Rebecca Saunders (07:22):
I think it’s hugely important, and I’m going to caveat this from more a personal brand founder side of things, because people buy from humans. We buy from humans, we like the connection of it. But when you can be authentically you on camera and you’re not having to be someone else, I refer to it as, “Be a Sean, don’t be a sheep.” You can be part of that pack and that flock but you need to own your own way of doing things. And I think when you can walk in front of a camera on a stage, it doesn’t matter what the platform is necessarily, but if you can just get up and be you as though you were in any other facet of life, how easy is that to show up that way when you don’t have to pretend to be something that you’re not. You don’t have to put on a particular way of presenting or a way of talking.
And so the ability to share that on video, for people to see those facial expressions and the body language that you have, and you might as an individual sit there and critique the hell out of your video, because even I look at myself on camera and go, “Oh yeah, eyebrows are a bit wonky on that one. You pull your face in a funny way.” I’m the only one that’s going to notice that. No one else is going to notice that. And so we bond as humans with that conversation and connection. And I think if we can get over that mental block of it’s being filmed and it’s on camera, it’s just like having a conversation the other side of the coffee table.
Tory Archbold (08:59):
And video as well. I just want to preface this. We can have clients no matter where we are in the world, and I think this is a great example. You’re in New York in a really cool hotel, in the Meatpacking District. I’m in Sydney, upstairs is my daughter studying for the HSC, it’s all happening. But because we can see each other visually, we’ve got that connection.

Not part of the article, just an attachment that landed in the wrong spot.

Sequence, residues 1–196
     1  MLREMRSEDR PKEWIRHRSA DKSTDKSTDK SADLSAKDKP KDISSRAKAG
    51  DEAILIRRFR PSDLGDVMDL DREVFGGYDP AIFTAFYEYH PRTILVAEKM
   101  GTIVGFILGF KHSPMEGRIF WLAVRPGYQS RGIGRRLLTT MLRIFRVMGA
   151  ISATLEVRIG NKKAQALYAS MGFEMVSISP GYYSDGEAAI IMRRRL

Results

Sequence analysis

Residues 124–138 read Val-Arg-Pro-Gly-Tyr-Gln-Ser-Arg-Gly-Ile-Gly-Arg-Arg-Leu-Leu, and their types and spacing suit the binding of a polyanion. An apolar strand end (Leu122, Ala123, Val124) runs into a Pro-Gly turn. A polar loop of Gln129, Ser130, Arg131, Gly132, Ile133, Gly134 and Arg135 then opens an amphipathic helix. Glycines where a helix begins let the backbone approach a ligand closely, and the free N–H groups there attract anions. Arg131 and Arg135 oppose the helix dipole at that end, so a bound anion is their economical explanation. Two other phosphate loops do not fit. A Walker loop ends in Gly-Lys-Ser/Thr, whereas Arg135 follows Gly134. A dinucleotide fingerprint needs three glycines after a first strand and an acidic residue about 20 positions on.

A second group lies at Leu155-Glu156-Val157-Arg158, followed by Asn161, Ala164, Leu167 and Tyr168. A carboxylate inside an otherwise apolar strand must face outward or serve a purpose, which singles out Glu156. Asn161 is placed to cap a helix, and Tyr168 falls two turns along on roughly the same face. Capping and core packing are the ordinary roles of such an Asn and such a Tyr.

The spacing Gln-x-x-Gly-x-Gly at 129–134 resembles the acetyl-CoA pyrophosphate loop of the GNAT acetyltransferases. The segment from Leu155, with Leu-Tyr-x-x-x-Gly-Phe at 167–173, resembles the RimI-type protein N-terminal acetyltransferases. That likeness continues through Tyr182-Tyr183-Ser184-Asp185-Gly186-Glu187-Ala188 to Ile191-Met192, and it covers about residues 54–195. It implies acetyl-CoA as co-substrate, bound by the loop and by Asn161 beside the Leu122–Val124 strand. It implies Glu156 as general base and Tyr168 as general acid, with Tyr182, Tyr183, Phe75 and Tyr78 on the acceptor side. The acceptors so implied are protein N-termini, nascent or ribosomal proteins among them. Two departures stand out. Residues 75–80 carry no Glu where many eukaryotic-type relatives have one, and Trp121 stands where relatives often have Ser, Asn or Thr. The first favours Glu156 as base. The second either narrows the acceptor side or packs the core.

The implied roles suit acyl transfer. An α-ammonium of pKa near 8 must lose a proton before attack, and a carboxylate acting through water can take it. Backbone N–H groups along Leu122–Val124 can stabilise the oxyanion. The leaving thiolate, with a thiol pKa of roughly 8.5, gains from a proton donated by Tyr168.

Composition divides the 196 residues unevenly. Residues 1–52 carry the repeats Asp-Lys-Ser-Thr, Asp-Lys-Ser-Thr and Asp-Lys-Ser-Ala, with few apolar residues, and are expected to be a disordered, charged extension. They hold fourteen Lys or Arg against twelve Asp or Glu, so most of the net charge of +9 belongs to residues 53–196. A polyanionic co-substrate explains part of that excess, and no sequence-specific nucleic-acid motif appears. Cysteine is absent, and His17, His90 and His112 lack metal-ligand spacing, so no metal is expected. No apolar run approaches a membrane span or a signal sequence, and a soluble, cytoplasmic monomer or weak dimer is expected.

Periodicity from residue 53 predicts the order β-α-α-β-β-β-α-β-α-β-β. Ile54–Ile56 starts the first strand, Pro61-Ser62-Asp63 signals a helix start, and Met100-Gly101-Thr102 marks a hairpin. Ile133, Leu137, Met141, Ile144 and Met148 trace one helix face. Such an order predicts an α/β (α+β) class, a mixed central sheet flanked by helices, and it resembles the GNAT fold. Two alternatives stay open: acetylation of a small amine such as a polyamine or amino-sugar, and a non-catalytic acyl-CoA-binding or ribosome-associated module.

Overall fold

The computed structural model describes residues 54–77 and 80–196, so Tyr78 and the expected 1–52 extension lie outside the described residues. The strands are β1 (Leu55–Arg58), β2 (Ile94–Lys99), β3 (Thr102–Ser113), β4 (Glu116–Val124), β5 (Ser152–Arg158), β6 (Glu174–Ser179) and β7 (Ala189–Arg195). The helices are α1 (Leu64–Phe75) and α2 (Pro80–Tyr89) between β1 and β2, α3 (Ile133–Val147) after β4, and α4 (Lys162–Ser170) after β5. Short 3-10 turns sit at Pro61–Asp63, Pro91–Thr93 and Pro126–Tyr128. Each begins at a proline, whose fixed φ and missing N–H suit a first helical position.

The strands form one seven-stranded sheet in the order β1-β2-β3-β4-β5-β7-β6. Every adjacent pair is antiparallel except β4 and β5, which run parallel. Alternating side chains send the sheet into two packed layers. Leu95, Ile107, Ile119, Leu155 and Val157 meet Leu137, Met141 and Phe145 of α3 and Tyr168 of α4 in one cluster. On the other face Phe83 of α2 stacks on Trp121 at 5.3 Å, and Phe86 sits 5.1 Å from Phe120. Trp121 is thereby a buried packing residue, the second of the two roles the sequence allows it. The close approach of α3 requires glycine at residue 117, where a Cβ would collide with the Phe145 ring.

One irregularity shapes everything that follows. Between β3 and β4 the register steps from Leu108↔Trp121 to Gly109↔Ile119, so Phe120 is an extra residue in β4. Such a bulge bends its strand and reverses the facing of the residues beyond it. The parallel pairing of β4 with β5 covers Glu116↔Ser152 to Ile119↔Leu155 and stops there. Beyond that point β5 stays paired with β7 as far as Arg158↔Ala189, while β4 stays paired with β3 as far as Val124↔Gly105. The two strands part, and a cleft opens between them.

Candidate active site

Rebecca Saunders (09:19):
Tory Archbold (09:20):
So those people that are afraid to show up online, what do you say to them?
Rebecca Saunders (09:25):
You’ve got to start small and I think you’ve got to completely stop overthinking it. So there’s several elements to that. The reality of it is the first video you do or you put out there, not a huge number of people are going to see it. Social media is absolutely swamped with a lot of things. So the more you can train that muscle, and the more you can get in the habit of just showing up on camera and doing that daily story or that weekly live or whatever it is, and you mark it in the calendar and you make it a priority. You prioritize that as much as you would a client piece of work or looking after the kids or whatever it is. If you prioritize that as a business building task then it’s going to get easier, because confidence on camera is building a muscle. The more you train it, the stronger it’s going to get.
But I also think that people overthink the hell out of what they’re going to talk about. If you’re just starting on that video journey, the baseline I recommend to absolutely everyone is just to think about what the frequently asked questions are, that you get asked every day about your business. You can rehash those questions half a dozen, which way or whatever. You don’t have to be reinventing the wheel. And the beauty of video content and social media is that you can say the same thing over and over and over again, in slightly different ways with slightly different backgrounds from wherever you are, and people are going to hear a different message every time you speak. You’re going to think you’re going to be on repeat and it will drive some people, most people, nuts in the process of training that muscle. But not everyone’s going to see every piece of content that you make. And you don’t need to be reinventing and recreating a new piece of content every single time. Answer the same 12 questions on repeat and you have a lifetime of content.
Tory Archbold (11:21):
I agree. And you know what, I teach that in our programs. Because coming from a PR marketing background, I always say to people, “If you understand the power of your story, it’s anchored to your values, your intent and purpose, all you need to do is continually tap into that story to take people on a customer journey.” But I call it the rinse and repeat.
Rebecca Saunders (11:39):
A hundred percent. Yeah. Well feel like you’re on repeat the whole time. You’re like a record on repeat and you feel like a bit of a broken record as you go, but you’re the only one that’s feeling that. No one else is feeling that about you. So you just get into that rhythm where actually you feel guilty. I don’t know about any of the people going through your programs, but you kind of feel like you’re cheating yourself out of, “Is that it? Do I just have to say the same thing in a different way? Really? Is it that easy?” And once you get that in your head, “Yeah, it actually is.” It is that easy. Rinse and repeat.